SAN SALVADOR — The U.S. was seeking redemption. El Salvador was seeking respect.
And both got a little of what they were after Thursday in their opening game of CONCACAF World Cup qualifying, one which ended in a scoreless draw.
For the U.S., Thursday’s match came nearly four years after the final game of the last qualifying tournament, a 2-1 loss in Trinidad that kept the team out of the World Cup for the first time since 1986. And though Thursday’s draw ended two streaks for the U.S., which had won its last nine games and in its last 15 games against CONCACAF opponents, it also gave the Americans an important point on the road, where they are difficult to come by in World Cup qualifying.
For El Salvador, which hasn’t played in a World Cup since 1982 — and hasn’t even played in the final round of qualifying since 2010 — the draw showed it could hang with regional giants like the U.S., the reigning confederation champion and the No. 10 team in the world, according to FIFA.
With Christian Pulisic out as he recovers from a bout with COVID-19, defender DeAndre Yedlin was the only U.S. starter in El Salvador who also played in the loss to Trinidad. Instead, coach Gregg Berhalter used the youngest U.S. lineup for a qualifier in 16 years, one that included nine players making their first appearance in a CONCACAF qualifier.
And it was greeted by a raucous crowd at Estadio Cuscatlan, the largest soccer venue in Central America.
Attendance was supposed to be limited to 29,000 but that didn’t happen, with nearly twice that many people filling the aging concrete-bowl stadium, many standing in aisles and stairways.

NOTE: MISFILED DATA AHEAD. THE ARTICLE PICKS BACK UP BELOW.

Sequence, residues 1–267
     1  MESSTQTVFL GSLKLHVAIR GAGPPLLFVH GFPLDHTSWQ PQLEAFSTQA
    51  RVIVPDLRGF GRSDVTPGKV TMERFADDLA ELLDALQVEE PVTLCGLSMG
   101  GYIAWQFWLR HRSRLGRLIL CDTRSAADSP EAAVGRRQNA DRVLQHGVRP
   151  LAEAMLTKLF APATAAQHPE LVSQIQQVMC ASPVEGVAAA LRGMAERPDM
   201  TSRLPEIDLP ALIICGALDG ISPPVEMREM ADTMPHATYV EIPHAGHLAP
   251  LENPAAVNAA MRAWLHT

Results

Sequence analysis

And they came to see a Salvadoran team that has been rejuvenated under new coach Hugo Perez, a former U.S. World Cup player. Since Perez, who was born in El Salvador, took over in April, La Selecta has played with energy and confidence — not to mention a half a dozen players who, like Perez, are dual nationals from the U.S.
Perez’s team started on the front foot Thursday and stayed there, dominating a first half that could have been different if any of the three near misses El Salvador put over the bar were on target.
The Salvadorans got close again in the 57th minute when U.S. keeper Matt Turner made his tough save of the night, a diving stop at the far post on Eriq Zavaleta’s header off a corner kick. Turner finished with a shutout, his seventh in eight games with the U.S., but Thursday’s was the first of the eight he didn’t win.
But as good as the start was for El Salvador it was just that, a start. The current round of regional qualifying, which has been both expanded and condensed by the pandemic, figures to be the most challenging ever.
The COVID-19 outbreak forced CONCACAF to alter earlier rounds of qualifying and expand the final one by two teams, making it an eight-team competition. The tournament was then condensed, with 14 qualifying matches squeezed into a seven-month window. Four years ago, the 10-game CONCACAF tournament was played over 12 months.
The top three finishers qualify automatically for next year’s World Cup in Qatar.
The U.S. faces the same road, of course — a road that is normally potted and treacherous. The U.S. didn’t win away from home in the last qualifying cycle, a big reason why it didn’t go to Russia, and has won only eight times in 31 road qualifiers since 1998.
The U.S. plays again Sunday against Canada in Nashville, Tennessee, and El Salvador will play host to Honduras.